I know exactly what’s going to happen to you at this stage. You’re going to get about 10 to 15 minutes into this and your mind is going to get stuck on one design. Then you’re going to just be creating designs that are based on that style. My best advice is to put the kettle on and make a cuppa and just step away from it all for just a few minutes. Don’t start anything else, you don’t want to lose your design buzz. Come back, start a new page spread in your notepad and have another scim through your Pinterest board and books. I guarantee another idea will bubble up.

You will know when you have enough concepts to start the next step, for me, this is around 10 to 15 distinct design.

If you’re working for a client, some designers send these scribbles off to the client at this stage but personally I much prefer to create more of an experience for them and normally (If you scribble like me), it can be really hard for a client to understand what a scribble will ultimately look like.

  1. Initial ideas!

It’s official! You can now start using your computer! Personally, I always use Adobe Illustrator to create a logo design, however, if you’re not a designer this can be really expensive and difficult to use. If you’re after something free and fairly simple to use I’ve heard some great reviews about Inkscape. If you’re working on an iPad Procreate can create some amazing results as well!

I would never use Photoshop to create a logo as it works in raster instead of vector graphics. What does this mean? Photoshop is for photos (It’s in the name!) when you zoom in close to a photo you will see the pixels, meaning that if you scale up your 6×4 photo up to the size of a billboard it’ll become blurred and pixelated – which just looks bad! A vector based software (such as Illustrator or Coral Draw) doesn’t use pixels, it works on infinitely zoomable lines that will never pixelate. This means your logo can be tiny on your business cards and huge on a billboard.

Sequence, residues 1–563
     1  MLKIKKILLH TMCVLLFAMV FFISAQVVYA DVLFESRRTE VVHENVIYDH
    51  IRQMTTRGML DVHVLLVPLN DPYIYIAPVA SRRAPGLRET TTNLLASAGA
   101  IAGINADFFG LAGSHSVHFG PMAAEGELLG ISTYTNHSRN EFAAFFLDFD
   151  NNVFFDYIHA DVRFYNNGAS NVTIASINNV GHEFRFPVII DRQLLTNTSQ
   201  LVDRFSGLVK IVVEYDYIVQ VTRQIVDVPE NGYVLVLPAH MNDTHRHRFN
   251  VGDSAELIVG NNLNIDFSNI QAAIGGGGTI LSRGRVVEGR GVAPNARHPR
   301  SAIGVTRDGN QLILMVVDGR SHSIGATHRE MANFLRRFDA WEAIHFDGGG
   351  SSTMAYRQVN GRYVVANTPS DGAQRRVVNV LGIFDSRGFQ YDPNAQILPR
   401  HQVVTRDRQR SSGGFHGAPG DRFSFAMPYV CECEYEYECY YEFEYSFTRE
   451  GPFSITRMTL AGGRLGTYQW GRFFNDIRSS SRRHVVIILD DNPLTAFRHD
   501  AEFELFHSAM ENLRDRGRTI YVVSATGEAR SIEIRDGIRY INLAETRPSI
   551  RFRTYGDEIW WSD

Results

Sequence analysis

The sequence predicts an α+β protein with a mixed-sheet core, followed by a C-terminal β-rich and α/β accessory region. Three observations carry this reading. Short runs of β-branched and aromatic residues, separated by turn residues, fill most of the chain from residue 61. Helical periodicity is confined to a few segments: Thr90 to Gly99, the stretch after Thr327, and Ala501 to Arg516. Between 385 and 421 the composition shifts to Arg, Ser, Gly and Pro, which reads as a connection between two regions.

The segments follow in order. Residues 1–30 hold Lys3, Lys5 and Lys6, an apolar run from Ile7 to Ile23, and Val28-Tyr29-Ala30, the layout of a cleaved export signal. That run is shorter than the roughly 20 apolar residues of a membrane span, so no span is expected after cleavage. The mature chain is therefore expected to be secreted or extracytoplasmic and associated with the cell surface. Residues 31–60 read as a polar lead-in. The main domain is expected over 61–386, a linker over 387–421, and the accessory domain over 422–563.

From your scribbles, I would choose 3 concepts that you feel that will visually look the best but also best represent the business the best. I would then, one by one on their own individual artboards start developing and tweaking them. I can’t take the credit for this bit, this is a technique Aaron Draplin uses in his logo design tutorial on SkillShare. Don’t just go over the top of the original design, every time you make a change duplicate the design and put an arrow to show the flow of how the design developed. Honestly, it’s great to see how it develops and also if the design takes a wrong turn you can just go back!

When I create a logo design for a client I only ever send over 3 designs I have set up in Illustrator. At this stage I’m just working in black & white with nothing else – no colour and you don’t want to waste time on mockups. This is just about the core design and you want the client to focus on that. The last thing you want is them going, can you tweak the shade of green and not give any feedback on the design itself.

It’s at this point I’d like to introduce you to the chilli scale. This is something I do with every logo design and it always works. The chilli scale is obviously split up into 3 sections – Mild, Hot and Spicy! The thought process behind each one is:

Design 1 Mild – is exactly what the client is expecting and normally is the safest option that tends to look like everyone else.

Design 2 Hot – pushes the boundaries a bit, still very closely linked to what the business does but normally has an unconventional font or the overall layout is different to all the other competitors.